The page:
2:25pm

Tue May 8, 2012
Your Money

'Sandwich Generation' Must Make Tough Choices

Originally published on Fri May 11, 2012 7:01 pm

Transcript

NEAL CONAN, HOST:

This is TALK OF THE NATION. I'm Neal Conan in Washington. Over the past few weeks, our colleagues at MORNING EDITION have been telling a series of stories called "Family Matters," about the challenges that over 50 million of we Americans now face: multigenerational households, homes where two or more generations of adults live under one roof.

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2:14pm

Tue May 8, 2012
From Our Listeners

Letters: 'Zuul The Terrordog' And New Graduates

Originally published on Tue May 8, 2012 2:32 pm

NPR's Neal Conan reads from listener comments about previous shows including living with cancer, mainstreaming special education kids, and advice for new graduates. And "Zuul the Terrordog" sings along to the Talk of the Nation theme.

2:14pm

Tue May 8, 2012
National Security

Busted Bomb Plot Advanced Underwear Scheme

Originally published on Tue May 8, 2012 2:30 pm

FBI bomb experts continue to study the device involved in the latest al-Qaida plot to bring down a U.S.-bound airliner. U.S. officials say the explosive is a more advanced version of the underwear bomb that malfunctioned aboard a jet in 2009.

2:14pm

Tue May 8, 2012
NPR Story

Henry Louis Gates Jr.: A Life Spent Tracing Roots

Originally published on Wed May 9, 2012 12:07 pm

Henry Louis Gates Jr. is also the author of The Signifying Monkey, which won the American Book Award.
Joseph Sinnott

For more than 30 years, Henry Louis Gates Jr. has been an influential public intellectual with a distinct style, who makes complex academic concepts accessible to a wider audience.

Gates — known widely as "Skip" — may be best known for his research tracing the family and genetic history of famous African-Americans. "There are just so many stories that are buried on family trees," Gates tells host Neal Conan. "My goal is to get everybody in America to do their family tree."

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2:13pm

Tue May 8, 2012
Parenting

On Mother's Day, Don't Forget Grandma

Transcript

MICHEL MARTIN, HOST:

I'm Michel Martin and this is TELL ME MORE from NPR News. Coming up, we want to pay tribute to the man who showed generations of children where the wild things are, author Maurice Sendak. He just passed away and we want to tell you more about him in just a few minutes.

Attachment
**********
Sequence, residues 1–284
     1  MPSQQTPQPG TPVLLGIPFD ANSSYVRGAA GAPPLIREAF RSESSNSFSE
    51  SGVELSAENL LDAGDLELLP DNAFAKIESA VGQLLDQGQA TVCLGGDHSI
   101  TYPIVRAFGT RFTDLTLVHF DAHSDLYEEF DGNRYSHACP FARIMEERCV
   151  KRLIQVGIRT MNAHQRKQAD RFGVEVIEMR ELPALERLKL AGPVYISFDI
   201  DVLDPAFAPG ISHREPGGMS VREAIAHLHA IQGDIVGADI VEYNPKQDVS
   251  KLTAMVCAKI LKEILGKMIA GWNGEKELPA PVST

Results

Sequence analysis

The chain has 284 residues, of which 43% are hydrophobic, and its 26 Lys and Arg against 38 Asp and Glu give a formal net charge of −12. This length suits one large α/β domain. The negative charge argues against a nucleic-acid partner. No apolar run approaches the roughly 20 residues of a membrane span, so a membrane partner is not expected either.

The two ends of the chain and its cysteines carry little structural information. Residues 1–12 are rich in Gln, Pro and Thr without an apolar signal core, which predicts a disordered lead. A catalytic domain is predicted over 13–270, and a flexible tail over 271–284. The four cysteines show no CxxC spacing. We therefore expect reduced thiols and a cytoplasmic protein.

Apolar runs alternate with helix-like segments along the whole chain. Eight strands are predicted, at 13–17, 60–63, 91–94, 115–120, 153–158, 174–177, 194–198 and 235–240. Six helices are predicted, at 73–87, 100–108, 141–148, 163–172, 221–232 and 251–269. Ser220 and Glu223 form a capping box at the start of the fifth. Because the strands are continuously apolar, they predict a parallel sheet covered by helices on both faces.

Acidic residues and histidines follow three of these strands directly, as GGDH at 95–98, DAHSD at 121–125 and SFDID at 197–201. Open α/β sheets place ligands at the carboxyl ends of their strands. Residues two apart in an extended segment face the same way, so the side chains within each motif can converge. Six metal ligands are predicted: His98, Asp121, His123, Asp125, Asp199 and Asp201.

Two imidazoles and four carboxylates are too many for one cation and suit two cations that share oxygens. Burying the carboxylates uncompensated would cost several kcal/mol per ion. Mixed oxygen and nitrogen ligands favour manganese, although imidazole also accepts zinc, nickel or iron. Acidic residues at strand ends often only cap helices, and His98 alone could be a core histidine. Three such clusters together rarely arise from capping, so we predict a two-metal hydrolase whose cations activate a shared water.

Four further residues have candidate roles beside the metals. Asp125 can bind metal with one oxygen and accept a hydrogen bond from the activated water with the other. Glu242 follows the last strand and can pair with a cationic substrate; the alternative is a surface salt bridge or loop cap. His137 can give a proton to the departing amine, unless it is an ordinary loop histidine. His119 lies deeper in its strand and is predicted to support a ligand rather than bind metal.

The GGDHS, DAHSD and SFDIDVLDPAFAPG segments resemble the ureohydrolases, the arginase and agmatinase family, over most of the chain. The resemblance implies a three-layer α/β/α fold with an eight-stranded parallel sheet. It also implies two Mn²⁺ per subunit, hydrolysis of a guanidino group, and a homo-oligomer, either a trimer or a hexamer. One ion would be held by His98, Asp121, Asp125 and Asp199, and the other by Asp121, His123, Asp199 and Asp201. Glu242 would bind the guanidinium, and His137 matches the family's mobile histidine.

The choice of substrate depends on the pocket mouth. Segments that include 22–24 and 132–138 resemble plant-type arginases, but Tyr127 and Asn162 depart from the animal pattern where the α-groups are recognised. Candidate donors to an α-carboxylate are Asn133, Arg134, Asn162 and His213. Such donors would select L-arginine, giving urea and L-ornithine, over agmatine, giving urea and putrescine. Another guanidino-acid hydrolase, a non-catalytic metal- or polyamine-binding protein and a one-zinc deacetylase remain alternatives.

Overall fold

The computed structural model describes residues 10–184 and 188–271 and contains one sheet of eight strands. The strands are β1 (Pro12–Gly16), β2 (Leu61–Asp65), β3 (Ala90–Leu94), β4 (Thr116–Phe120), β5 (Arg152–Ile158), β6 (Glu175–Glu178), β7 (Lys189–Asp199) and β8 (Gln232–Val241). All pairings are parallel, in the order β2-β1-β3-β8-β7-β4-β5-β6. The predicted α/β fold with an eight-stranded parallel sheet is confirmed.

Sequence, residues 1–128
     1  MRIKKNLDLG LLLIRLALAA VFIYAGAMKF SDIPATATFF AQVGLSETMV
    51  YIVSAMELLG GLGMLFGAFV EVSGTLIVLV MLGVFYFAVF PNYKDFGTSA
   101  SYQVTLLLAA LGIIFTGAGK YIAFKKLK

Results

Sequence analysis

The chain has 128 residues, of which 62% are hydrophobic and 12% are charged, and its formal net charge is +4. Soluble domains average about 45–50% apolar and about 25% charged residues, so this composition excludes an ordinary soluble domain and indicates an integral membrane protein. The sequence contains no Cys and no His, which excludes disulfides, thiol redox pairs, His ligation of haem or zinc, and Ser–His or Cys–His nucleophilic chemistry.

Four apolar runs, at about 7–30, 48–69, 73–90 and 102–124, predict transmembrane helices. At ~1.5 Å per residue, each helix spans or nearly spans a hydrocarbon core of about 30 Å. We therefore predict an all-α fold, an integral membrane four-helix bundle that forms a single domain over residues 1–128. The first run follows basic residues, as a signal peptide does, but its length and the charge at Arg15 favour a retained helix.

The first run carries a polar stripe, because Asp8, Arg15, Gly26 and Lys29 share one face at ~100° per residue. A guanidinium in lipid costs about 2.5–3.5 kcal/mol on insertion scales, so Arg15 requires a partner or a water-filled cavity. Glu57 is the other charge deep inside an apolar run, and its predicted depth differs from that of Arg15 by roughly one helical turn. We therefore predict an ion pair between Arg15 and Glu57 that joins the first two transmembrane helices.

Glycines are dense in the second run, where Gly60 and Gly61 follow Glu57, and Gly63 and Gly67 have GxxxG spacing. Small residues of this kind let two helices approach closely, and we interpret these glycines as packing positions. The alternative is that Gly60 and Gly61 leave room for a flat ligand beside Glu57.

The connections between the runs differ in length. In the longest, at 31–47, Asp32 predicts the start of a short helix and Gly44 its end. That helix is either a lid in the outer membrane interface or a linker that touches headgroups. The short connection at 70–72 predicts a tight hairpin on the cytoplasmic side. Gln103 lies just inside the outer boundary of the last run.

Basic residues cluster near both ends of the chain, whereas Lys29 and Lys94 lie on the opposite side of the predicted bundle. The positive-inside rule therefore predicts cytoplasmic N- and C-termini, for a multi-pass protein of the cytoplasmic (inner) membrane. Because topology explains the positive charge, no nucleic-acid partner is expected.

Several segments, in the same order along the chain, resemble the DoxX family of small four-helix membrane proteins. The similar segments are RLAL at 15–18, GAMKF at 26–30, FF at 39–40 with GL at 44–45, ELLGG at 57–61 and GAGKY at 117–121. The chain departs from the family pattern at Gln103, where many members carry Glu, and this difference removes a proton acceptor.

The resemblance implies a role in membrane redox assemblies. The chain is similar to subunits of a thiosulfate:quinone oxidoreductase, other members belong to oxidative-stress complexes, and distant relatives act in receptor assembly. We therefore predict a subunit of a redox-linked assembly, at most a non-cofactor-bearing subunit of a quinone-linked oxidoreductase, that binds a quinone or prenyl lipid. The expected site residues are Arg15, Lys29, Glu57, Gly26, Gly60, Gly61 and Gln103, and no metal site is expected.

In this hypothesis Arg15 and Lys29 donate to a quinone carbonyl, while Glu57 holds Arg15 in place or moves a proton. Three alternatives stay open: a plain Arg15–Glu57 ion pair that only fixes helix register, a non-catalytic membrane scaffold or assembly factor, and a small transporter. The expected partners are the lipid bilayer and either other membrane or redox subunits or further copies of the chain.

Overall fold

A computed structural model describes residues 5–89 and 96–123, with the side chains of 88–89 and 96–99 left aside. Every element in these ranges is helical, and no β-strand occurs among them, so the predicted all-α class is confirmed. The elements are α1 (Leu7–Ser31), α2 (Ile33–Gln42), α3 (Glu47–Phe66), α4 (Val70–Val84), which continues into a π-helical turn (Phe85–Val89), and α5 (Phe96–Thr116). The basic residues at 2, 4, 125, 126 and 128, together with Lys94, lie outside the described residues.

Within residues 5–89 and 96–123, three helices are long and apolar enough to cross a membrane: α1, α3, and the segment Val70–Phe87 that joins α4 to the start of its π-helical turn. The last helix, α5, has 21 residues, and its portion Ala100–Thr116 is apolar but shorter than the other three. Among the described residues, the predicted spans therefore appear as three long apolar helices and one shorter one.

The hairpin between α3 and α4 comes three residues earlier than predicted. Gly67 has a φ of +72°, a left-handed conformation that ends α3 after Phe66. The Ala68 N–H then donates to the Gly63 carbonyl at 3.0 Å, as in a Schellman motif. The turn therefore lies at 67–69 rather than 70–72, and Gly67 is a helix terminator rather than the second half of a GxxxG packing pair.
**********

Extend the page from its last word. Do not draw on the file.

But first, they say it takes a village to raise a child, but maybe you just need a few moms in your corner. Every week, we check in with a diverse group of parents for their common sense and savvy advice.

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2:13pm

Tue May 8, 2012
Remembrances

Remembering Children's Book Author Maurice Sendak

Transcript

(SOUNDBITE OF MUSIC)

MICHEL MARTIN, HOST:

Finally today, we want to honor someone who's work fired the imaginations of many children and their parents. Award-winning author and illustrator Maurice Sendak died today at the age of 83.

Maurice Sendak is best known for that classic children's book "Where the Wild Things Are." He wrote and illustrated the story of the mischievous hero Max, who gets sent to bed without dinner and his imagination takes him to a land of colorful giant monsters.

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2:13pm

Tue May 8, 2012
Race

Why Does Diversity In Banking Matter?

Originally published on Tue May 8, 2012 10:14 pm

Stuart Ishimaru heads the Office of Women and Minority Inclusion, at the Consumer Financial Protection Bureau.
AP

May is Asian-American and Pacific Islander Heritage Month, and all month long, Tell Me More will be speaking with game changers who trace their heritage to that part of the world. They're people who have made a difference in politics, culture, science and sports.

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1:40pm

Tue May 8, 2012
Shots - Health Blog

When Religious Rules And Women's Health Collide

Originally published on Tue May 8, 2012 4:18 pm

Hospital rules can affect a woman's options for care.
iStockphoto.com

When you go to the hospital these days, chances are good that it will be affiliated with a religious organization. And while that may might just mean the chaplain will be of a specific denomination or some foods will be off limits, there may also be rules about the kind of care allowed.

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1:30pm

Tue May 8, 2012
Planet Money

Nobel Laureate: 'I've Been Wrong So Often, I Don't Find It Extraordinary At All'

Originally published on Wed May 9, 2012 7:07 pm

"I'm 101 at the moment," Ronald Coase said.
University of Chicago

I recently had a brief conversation with Ronald Coase.

"I'm 101 at the moment," he told me. "I get older by the minute."

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1:07pm

Tue May 8, 2012
The Picture Show

The Visual South, Part II: Photography Is Like Chicken

Originally published on Wed May 23, 2012 10:48 am

"Letter Never Sent" is Hamrick's most recent hand-bound series. "The viewer has an intimate relationship with the book by holding it, feeling its textures and turning its pages, instead of just standing across the room staring at it," he says.
Frank Hamrick

The current issue of Oxford American magazine, known as "the Southern magazine of good writing," is nicknamed the "Visual South Issue." In its 100 under 100 list, the magazine identifies "the most talented and thrilling up-and-coming artists in the South." This week, we'll take a look at five of the photographers on that list.

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